Crusaders by Richard T Kelly

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Crusaders by Richard T Kelly

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Category: Literary Fiction
Rating: 3.5/5
Reviewer: Sue Magee
Reviewed by Sue Magee
Summary: An ambitious debut which doesn't quite live up to expectation but is worth the read for Kelly's ability to evoke the North East in the last quarter of the twentieth century. Cautiously recommended.
Buy? Maybe Borrow? Yes
Pages: 560 Date: August 2008
Publisher: Faber and Faber
ISBN: 978-0571228058

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Unsatisfied by his rural parish in Dorset, John Gore accepts a challenge that will mean he returns to his roots in County Durham. It's 1996 and the dying months of a Conservative government which seemed to have the monopoly on sleaze. Gore is to 'plant' a new church in a deprived area to the west of the city of Newcastle which has been ignored by all the regeneration schemes. Starting from scratch, he soon finds that there are three characters who will have a lot of influence on the job he has to do.

The most interesting character in the book is Stevie Coulson, head of a 'security consultancy' and serial steroid abuser. He's a bundle of contradictions - ensuring that the nascent church has an altar one day and resorting to brutish violence another, but with a background which made such behaviour understandable, even inevitable. Richard T Kelly has the man perfectly despite the extremes within him which could have made him a caricature. I'm slightly surprised that the book wasn't built around Coulson as he's definitely Kelly's strength.

Less convincing is Martin Pallister, the local Labour MP. John Gore is linked to him through his sister who advises Pallister. The MP has sculpted his beliefs - political and religious - to fit with the new mood in the Labour Party and there's even a cameo appearance from the next Prime Minister at a local meeting. There's hints of Pallister's corruption and a foreshadowing of how things were to go when Labour came to power.

Lindy Clark, a single mother working various jobs just to get by, is a convincing character but her relationship with Gore is not. I couldn't see any reason why the sexually naïve cleric would have started any sort of non-professional relationship with her. I had no sense of passion or even obsession from him and there was one scene where I was forced to conclude that if a writer can't do sex well then he should do no more than allude to it.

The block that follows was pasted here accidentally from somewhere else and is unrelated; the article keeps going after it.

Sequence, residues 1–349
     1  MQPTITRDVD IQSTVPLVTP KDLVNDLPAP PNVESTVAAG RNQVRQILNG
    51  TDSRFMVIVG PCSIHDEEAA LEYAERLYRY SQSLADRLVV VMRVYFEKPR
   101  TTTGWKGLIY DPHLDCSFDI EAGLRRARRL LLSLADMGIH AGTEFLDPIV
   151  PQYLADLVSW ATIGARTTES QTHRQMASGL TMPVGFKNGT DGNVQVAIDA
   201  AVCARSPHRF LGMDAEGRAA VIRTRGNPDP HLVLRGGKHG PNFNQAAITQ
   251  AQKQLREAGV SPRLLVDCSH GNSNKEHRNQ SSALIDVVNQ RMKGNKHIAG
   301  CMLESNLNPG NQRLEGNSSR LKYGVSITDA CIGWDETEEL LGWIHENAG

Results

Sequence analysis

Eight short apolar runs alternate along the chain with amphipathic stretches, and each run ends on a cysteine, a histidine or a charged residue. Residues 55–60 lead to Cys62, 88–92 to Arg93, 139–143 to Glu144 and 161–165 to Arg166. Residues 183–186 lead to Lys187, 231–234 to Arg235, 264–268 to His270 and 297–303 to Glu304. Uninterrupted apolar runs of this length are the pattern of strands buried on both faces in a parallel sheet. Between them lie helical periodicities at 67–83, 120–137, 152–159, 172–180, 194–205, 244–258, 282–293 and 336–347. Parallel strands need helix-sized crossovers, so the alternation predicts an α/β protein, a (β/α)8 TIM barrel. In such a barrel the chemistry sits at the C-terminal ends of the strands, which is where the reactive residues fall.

The plot is neat and ingenious. I was more than half expecting something along the lines of what happened, but it was well done, although there were occasions when I thought that the plot could have benefited from toppling into the absurd or even the hilarious, as humour was in short supply. Unfortunately it's necessary to set against the good plot the author's esoteric use (purists might go as far as calling it abuse) of the English language. Words have meanings and they really should be used to convey that meaning and not for effect. I'm in the rather odd situation of commending Kelly's grasp of Geordie - which came off the page beautifully without making the speakers sound like morons - whilst suggesting that he could benefit from a better grasp of the English language.

Where Kelly excels is in his evocation of time and place. Although the book is set in the late nineteen nineties it ranges back over twenty years and provides a sharp picture of the decline of industry in the area. I lived in Durham in the nineteen sixties and his words on the Durham Miners' Gala brought a lump to my throat as I walked the streets with the miners and picnicked afterwards. Perfect. He's equally good with his fictional settings, particularly the run-down suburb of Hoxheath, where the buses all run north/south, despite the fact that people actually want to travel east/west.

I've carped, haven't I? It comes down to an excess of expectation both before I read the book and in the early pages when I really did think that this might be the definitive Geordie novel. It isn't and it's difficult to think of what is, but I was left thinking that this book had a lot of potential - it's big and it's brave - and Kelly is certainly one to watch for the future. It was an ambitious debut and a rigorous rewriting could have made it into the great novel I was expecting.

I'd like to thank the publishers for sending this book to The Bookbag.

For a book set in a similar time you might enjoy South of the River by Blake Morrison.

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